I was always amused when one of these panelists missed a show because he was on vacation. Vacation from WHAT? A half-hour a week?

There are very few panelist opportunities today.  Bill Maher’s HBO show, a few others. But slim pickings for sure. What few celebrity game shows there are require you must be a has-been from some ‘70s sitcom. Rarely does the casting call go out for never-beens. So I’m at a distinct disadvantage there.

But that’s one of the jobs I wish I had had. What about you? What’s Your Fantasy Line?

Friday, December 08, 2017

Friday Questions

Friday Question time has rolled around again. What’s yours?

Here’s a long FQ from Jeff :)

Hi Ken, not sure if you've heard of the Masked Scheduler or not. He is apparently a former Hollywood executive and he has been posting his 12 Commandments of TV. I have a beef with one of them and wanted to hear your thoughts.

He argues that a show should be simple enough that it is easily digested in a 30 second promo. He used some examples of recent shows such as The Leftovers, Legion, etc. as shows that were discussed heavily on social media but didn't necessarily have great ratings. The takeaway seemingly being that simpler shows that are easily understood are better.

I use Game of Thrones as a counter example. Game of Thrones is a deep, political, complicated show. It would be very difficult to explain Game of Thrones in a 30 second spot. And yet it's ratings continually go up and part of it is because people talk about it constantly. Meanwhile I've seen promos for SWAT, and I understand fully what the show is about yet have not only never watched it, I've never heard of anyone who has. And even if you did watch it, what are you going to discuss about it? "Did you see how they caught that killer on SWAT last night? I didn't think they were going to catch him but then they did. So that's nice". Wouldn't you rather have a deep shows that takes actual thought to comprehend than being spoon fed the same old drivel?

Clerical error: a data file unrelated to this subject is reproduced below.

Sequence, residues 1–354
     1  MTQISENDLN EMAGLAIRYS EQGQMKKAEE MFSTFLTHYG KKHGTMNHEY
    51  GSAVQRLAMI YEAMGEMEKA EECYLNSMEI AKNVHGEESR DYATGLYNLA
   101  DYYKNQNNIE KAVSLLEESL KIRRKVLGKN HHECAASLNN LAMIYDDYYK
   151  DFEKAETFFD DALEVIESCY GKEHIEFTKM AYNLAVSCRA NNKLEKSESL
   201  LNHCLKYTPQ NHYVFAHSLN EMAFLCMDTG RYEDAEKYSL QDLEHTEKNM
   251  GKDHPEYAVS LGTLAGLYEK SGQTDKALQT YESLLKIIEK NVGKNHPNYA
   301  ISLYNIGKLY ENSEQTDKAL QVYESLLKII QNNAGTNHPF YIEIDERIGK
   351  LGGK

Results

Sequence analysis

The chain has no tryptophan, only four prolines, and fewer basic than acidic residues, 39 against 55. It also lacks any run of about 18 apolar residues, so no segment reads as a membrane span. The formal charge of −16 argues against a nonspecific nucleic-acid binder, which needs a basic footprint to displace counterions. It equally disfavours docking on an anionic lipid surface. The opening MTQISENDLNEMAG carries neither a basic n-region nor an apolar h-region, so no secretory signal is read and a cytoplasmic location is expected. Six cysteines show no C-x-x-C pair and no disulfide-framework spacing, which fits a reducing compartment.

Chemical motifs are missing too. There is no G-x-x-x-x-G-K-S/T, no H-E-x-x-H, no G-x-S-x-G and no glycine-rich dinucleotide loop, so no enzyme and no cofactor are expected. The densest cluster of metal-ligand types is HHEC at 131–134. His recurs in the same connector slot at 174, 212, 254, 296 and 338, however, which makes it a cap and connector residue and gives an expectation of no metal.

Someone on the internet described GAME OF THRONES as:

Noble families across the realm of Westeros compete for control of the Iron Throne.

Even complicated shows can be distilled down to loglines.

There is so much product out there on so many platforms that to get your show noticed I think it’s a big advantage to be able to convey the premise and hook in thirty seconds. And then you can make your show as complicated as you want.

A mob boss is torn between his killer instincts and his conscience.

That’s THE SOPRANOS. Hardly a simple show.

I do believe that whatever your genre, you need to be able to articulate your show in just a few sentences.

Mike Bloodworth asks:

What is the easiest way to access your archives? As I've said before I've only been reading your blog for a short time. There must be a gold mine of information I've missed.

Look on the right column. You’ll find a section called “Blog Archive” along with years and months. Just click on a year and it will show you months. Click on a month and it will show you the posts from that month. Click on the post. Or click on the month itself and all the posts from that month will come up. A few are actually good. 

David A. Mackey wonders:

What do you think it was about Nancy Travis that made working with her so special? I always hear a lot of great things about her and the work that she is done.

She’s a lovely person, super talented, and a real cheerleader on the stage. A total pro, always prepared, very unselfish as an actress. And when she has a problem with a script she presents it in an intelligent respectful way.

She’s a good sport and will try things. There’s something so warm about her. You want to be married to her or have her as your girlfriend or best friend.

And the camera just loves her.

Had the pleasure to work with her on two series.  I would work with her again in a second.  

Finally, from Stuart Best:

You said you left MASH because all the good ideas had been used up and wrung out. But the show continued for four more years. Did you think the writers after you added fresh ideas, or did they continue to bludgeon the same horse? I respect that you probably don't want to say anything negative about other writers, but I wonder how you think it was a mistake to keep going all those extra years.

I think they did the best they could with what they had to work with, which was not a lot. We pretty much picked over all those bones.

There were some stories where I thought they were really reaching, but others where I said, “Damn, why didn’t WE come up with that?”